70 Years Ago Today, the Holocaust Came to Hungary
But Hungarians were exploiting and killing Jews years before the Nazis arrived
Today marks 70 years since the Germans occupied its nominal ally Hungary—and the start of the principal phase in the destruction of Hungarian Jewry by the Germans and Hungarians.
The Hungarian Regent Admiral Miklos Horthy had been trying to extricate the country from its alliance with Nazi Germany since the obliteration of Hungarian forces on the Stalingrad line at the city of Voronezh on Jan. 13, 1943. When Hitler understood, early in 1944, that Horthy planned to pull back his remaining troops from the Eastern Front, a small German force was dispatched to Hungary to ensure that this would not happen. The Germans pushed for concerted action against Hungarian Jewry, and Horthy not only did not resist—he put the government apparatus at their disposal. The well-oiled process of destruction of the Jews followed quickly: restrictions, wearing the Jewish badge, confiscations, the establishment of ghettos and systematic deportations. When the first major wave of deportations ended, 437,000 Jews had been deported, almost all to Auschwitz-Birkenau.
Today, it is fashionable in Hungary to put all the blame on the Germans for the murder of nearly 600,000 out of over 800,000 Jews from Greater Hungary during the war. But the German force in Hungary was quite small; the Kommando charged with carrying out the deportations, headed by Adolf Eichmann, numbered only about 150 men. Officials of the Hungarian Interior Ministry, the Gendarmes and local authorities worked closely with Eichmann to implement the deportations. In late 1944, after Horthy was replaced by the fascist Arrow Cross leader Ferenc Szálasi, deportations were renewed, this time toward Austria, and continued until Soviet forces took Buda and Pest in early 1945. This was not a marginal group of fanatics, but part of the Hungarian mainstream.
And, more to the point: Hungarian actions against the Jews did not begin in 1944 with the arrival of the Germans. In August 1941 Horthy’s government deported 18,000 Jews from Hungary to the Ukraine near the city of Kamianets-Podilskyi. In the first major killing operation carried out by an Einsatzgruppen unit, 23,000 Jews were massacred, among them about 16,000 from Hungary. Several months later, in January 1942, in Novi Sad, Hungarians murdered about 700 Jews and several thousand Serbs.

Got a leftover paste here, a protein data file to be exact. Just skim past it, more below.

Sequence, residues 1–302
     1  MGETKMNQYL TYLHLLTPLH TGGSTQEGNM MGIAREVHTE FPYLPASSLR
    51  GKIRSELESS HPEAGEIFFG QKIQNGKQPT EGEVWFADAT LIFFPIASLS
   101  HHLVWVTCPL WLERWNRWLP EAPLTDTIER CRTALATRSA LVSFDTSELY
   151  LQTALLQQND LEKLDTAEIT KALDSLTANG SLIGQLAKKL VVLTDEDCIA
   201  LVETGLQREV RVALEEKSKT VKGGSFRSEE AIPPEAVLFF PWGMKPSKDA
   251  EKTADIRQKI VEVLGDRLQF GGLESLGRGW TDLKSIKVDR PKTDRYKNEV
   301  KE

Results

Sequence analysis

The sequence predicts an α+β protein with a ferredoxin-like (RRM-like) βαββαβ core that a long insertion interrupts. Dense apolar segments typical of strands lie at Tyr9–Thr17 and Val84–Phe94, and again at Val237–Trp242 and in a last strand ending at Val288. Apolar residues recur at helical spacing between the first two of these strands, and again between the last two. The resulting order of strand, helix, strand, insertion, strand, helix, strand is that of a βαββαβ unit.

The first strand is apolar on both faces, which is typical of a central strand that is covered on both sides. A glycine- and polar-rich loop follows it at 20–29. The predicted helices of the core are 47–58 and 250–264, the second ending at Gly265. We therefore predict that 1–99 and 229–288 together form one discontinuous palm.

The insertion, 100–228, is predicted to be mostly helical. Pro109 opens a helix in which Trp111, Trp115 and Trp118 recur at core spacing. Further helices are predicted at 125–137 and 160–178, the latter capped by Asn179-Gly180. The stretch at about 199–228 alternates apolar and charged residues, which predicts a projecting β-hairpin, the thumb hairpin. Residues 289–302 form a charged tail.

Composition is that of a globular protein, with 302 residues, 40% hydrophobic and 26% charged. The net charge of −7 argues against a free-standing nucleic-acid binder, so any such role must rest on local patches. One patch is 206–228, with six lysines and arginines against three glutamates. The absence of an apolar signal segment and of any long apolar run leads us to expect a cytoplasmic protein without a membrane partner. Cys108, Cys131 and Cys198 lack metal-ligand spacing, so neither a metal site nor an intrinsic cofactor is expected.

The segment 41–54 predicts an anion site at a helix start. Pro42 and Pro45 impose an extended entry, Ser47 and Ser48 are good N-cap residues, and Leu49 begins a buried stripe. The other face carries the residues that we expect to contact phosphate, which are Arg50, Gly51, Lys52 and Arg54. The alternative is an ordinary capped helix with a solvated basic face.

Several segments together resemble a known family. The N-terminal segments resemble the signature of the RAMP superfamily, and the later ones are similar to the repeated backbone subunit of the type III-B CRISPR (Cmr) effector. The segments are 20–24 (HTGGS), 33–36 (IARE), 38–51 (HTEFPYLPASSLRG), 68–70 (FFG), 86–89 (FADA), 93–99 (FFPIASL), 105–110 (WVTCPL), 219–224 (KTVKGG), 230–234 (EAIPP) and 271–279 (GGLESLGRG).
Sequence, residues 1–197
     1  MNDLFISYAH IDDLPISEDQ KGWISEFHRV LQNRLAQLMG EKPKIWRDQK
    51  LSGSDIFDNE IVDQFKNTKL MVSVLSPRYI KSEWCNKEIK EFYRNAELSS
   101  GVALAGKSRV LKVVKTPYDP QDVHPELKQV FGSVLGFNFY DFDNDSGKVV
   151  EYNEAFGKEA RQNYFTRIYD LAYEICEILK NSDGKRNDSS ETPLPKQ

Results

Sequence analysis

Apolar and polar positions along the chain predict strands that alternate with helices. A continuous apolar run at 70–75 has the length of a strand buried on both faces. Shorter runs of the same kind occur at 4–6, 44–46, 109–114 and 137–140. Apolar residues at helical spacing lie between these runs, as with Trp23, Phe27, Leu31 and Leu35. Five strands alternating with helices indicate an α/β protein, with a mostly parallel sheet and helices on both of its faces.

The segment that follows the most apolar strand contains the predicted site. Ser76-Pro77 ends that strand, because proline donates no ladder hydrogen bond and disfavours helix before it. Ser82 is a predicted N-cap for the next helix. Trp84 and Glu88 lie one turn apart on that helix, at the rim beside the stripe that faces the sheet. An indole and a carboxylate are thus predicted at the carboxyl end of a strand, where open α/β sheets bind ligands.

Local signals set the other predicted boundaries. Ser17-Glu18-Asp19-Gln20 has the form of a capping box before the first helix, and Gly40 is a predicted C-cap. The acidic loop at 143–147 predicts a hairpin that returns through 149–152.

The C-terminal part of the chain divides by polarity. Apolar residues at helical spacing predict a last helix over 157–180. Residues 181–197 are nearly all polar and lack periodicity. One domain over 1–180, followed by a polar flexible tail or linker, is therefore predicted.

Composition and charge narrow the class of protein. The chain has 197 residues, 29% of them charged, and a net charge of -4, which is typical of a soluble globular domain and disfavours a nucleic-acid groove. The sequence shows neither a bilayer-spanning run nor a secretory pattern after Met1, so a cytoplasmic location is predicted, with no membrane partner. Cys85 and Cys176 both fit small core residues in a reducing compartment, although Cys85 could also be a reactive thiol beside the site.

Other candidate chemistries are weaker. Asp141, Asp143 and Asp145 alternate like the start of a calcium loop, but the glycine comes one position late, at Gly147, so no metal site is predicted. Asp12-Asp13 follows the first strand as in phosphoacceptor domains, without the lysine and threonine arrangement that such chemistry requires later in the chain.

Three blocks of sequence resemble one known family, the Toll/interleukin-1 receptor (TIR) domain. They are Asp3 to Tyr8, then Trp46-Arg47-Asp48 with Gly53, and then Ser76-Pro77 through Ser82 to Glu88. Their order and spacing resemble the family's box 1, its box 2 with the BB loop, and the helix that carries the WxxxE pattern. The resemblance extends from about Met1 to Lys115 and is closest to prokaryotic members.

There was also the abominable treatment of Jewish forced laborers on the Eastern Front. As Hungary began gearing up for a potential conflict in 1939, the authorities decided that men who were considered unworthy of bearing arms for the Hungarian nation should be made to serve in what became the Labor Service System. By 1941 Jews were categorically defined as unworthy, and from the summer of that year were drafted to labor companies. Beginning in March 1942, the Hungarian Second Army was sent to the Eastern Front to fight the Soviets beside the Germans. Eventually 250,000 soldiers were sent there alongside 45,000 Jewish forced laborers, and thousands of non-Jewish laborers.
Although the Labor Service System was not established as a vehicle of murder, it became one, primarily because of the treatment of the men on the front. Their difficult labor was routinely augmented by brutal and humiliating harassment—most infamously, being made to pull wagons in place of perfectly healthy horses. In a great many instances the Hungarian soldiers responsible for the Jewish men stole their food, and resold small portions of it to them for exorbitant prices. Suffering from hunger, disease, exposure to the elements and cruel treatment, many men died. Some were killed after being assigned deadly tasks; the most gruesome was to clear minefields with only sticks, and without any previous training. Others were murdered outright. Some 400 Labor Service men, sick with typhus, were burned alive in a barn near the Kolkhoz of Doroschitz.
It is true that some senior defense officials in Budapest and some Hungarian officers in the field tried to curb this mistreatment, but their orders generally went unheeded. Of the 45,000 Jewish forced laborers, men who had been subjected to almost unbelievable cruelty and had been placed in a battle area with no means to defend themselves, 80 percent never returned home. The responsibility for the fate of the Labor Service men lies squarely on the shoulders of the Hungarians, and the great majority died well before any German soldier had set foot in Hungary.
The 19th of March is an appropriate day for commemorating the Shoah in Hungary, but no less appropriate is that on that day, Hungarians should look squarely into the mirror of their history and without blinking, assume unambiguous responsibility for the role the country played in the devastation of their Jewish neighbors.
Dr. Robert Rozett is the Director of the Yad Vashem Libraries and the author of Conscripted Slaves: Hungarian Jewish Forced Laborers on the Eastern Front.
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